Lung cancer symptoms usually don’t show up until the disease has reached an advanced stage. That’s one of the reasons it’s so important to identify who’s at increased risk for lung cancer—and then get them screened as soon as possible.
So, who should get screened? Well, it’s a bit specific. And it mostly depends on your smoking history. The American Cancer Society recommends yearly low-dose lung CT scans for those who:
- Are 50 to 80 years old and in fairly good health, and
- Currently smoke or have quit in the past 15 years, and
- Have at least a 20 pack-year smoking history
With such specific criteria, people may not realize whether they’re at increased risk and / or whether they qualify for a lung CT scan. The lack of awareness could be a reason behind dangerously low uptake of screenings. In 2021, only 5.8% of those eligible for a low-dose lung CT scan completed one, according to the American Lung Association.
Devoting more focus and innovation to risk identification could help reverse that trend.
Here’s an interesting example—a team at Vanderbilt University Medical Center recently created a computer algorithm that could help better identify individuals at risk for lung cancer simply by scrutinizing electronic health records (EHRs) more closely.
The algorithm uses natural language processing to pick up on clues about smoking habits that were not neatly entered into the patient’s EHR. (Basically, patients and clinicians might enter smoking history into clinical notes or margins instead of the designated fields).
Using their algorithm, the Vanderbilt team found 1.74 times more patients eligible for screening than they would have with a baseline manual review.
The rate was over double for Black patients, which is especially concerning given a persisting equity gap in lung cancer screenings. Studies by the American Lung Association have found that screening rates among Black populations is less than half of that of white counterparts. The ALA also finds that Black patients are 15% less likely to be diagnosed early, which is critical for improving survival rates and decreasing overall costs. Improving risk identification for Black populations specifically can help to lessen the impact of these disparities.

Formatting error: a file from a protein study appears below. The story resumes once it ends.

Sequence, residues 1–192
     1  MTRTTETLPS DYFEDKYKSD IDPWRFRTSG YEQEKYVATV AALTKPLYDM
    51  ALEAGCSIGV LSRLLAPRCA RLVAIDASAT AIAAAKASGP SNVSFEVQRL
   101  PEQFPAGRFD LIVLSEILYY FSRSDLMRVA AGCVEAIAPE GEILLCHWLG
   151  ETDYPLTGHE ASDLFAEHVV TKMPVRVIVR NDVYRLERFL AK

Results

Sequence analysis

If anything, the potential of the EHR-reading algorithm reiterates one nagging reality: Critical screenings often don’t happen merely because a doctor hadn’t requested one. Or, perhaps, a document got lost in the shuffle of everyday care.
And yet, those holes in the system offer the most opportunity for improving outcomes: Early detection is absolutely paramount in addressing lung cancer mortality and financial burden.
An EHR-reading algorithm is just one of the many ways that risk identification can be made more sophisticated. Any worthwhile cancer strategy in a population is contingent on direct, intentional risk identification that propels people at risk to get screened—and early. Simple, comprehensive risk identification is one of the greatest tools we have to combat lung cancer.